Thursday, January 24, 2013


Let's Live

Joachim du Bellay (ca. 1522-1560), Les Regrets, no. 53 (my translation):
Let's live, Gordes, live, live, and despite the grumbling
   of old men, let's not stop our merry-making:
   let's live, since life is so short and so precious,
   and even kings have only temporary enjoyment of it.
Day fades into night, and in the morning glows again,
   and the seasons repeat their familiar progression:
   but when man has lost this sweet light,
   death makes him sleep for one night without end.
Will we then imitate a beast's existence?
   No, instead, always lifting our heads toward the sky,
   We will taste now and then the sweetness of pleasure.
He is truly a fool who, trading the certainty
   of an immediate benefit for an unstable hope,
   is always willing to thwart his own desire.
Here is the French text from the elegantly printed first edition (Paris: Federic Morel, 1558), followed by a transcription:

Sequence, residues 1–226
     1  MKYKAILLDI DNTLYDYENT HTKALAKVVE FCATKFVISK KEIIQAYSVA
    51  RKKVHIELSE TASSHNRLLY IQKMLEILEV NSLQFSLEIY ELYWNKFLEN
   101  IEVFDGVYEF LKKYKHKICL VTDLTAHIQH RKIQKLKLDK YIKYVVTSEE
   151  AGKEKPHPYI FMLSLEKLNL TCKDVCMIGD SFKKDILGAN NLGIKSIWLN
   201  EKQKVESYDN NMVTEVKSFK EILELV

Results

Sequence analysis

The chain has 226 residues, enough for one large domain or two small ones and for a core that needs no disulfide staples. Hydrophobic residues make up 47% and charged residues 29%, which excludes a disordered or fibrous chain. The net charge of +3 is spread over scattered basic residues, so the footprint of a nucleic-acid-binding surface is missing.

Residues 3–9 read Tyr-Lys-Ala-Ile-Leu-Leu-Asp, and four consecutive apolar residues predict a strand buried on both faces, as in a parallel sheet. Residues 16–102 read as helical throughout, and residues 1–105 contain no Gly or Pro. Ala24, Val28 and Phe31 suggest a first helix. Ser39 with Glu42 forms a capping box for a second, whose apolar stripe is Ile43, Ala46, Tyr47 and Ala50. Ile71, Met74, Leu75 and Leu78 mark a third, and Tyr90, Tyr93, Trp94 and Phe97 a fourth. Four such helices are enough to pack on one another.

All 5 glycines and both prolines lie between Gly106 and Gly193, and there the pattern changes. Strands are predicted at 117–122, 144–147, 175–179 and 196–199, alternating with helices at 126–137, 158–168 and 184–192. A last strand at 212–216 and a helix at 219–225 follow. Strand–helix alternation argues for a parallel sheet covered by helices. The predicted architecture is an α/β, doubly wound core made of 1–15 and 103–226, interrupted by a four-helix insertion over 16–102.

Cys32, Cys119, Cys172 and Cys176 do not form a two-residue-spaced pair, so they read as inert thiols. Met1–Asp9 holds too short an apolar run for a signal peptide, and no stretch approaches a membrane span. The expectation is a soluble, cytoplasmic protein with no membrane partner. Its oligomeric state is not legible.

Viuons (Gordes) uiuons, uiuons, & pour le bruit
   Des uieillards ne laissons à faire bonne chere:
   Viuons, puis que la uie est si courte & si chere,
   Et que mesmes les Roys n'en ont que l'usufruit.
Le iour s'esteint au soir, & au matin reluit,
   Et les saisons refont leur course coustumiere:
   Mais quand l'homme a perdu ceste doulce lumiere,
   La mort luy fait dormir une eternelle nuict.
Donq imiterons-nous le uiure d'une beste?
   Non, mais deuers le ciel leuans tousiours la teste,
   Gousterons quelque fois la doulceur du plaisir.
Celuy urayement est fol, qui changeant l'asseurance
   Du bien qui est present en douteuse esperance,
   Veult tousiours contredire à son propre desir.
Latinists will recognize the influence of the first six lines of Catullus' fifth poem on du Bellay's exquisite sonnet:
Vivamus, mea Lesbia, atque amemus,
rumoresque senum severiorum
omnes unius aestimemus assis!
soles occidere et redire possunt:
nobis cum semel occidit brevis lux,
nox est perpetua una dormienda.

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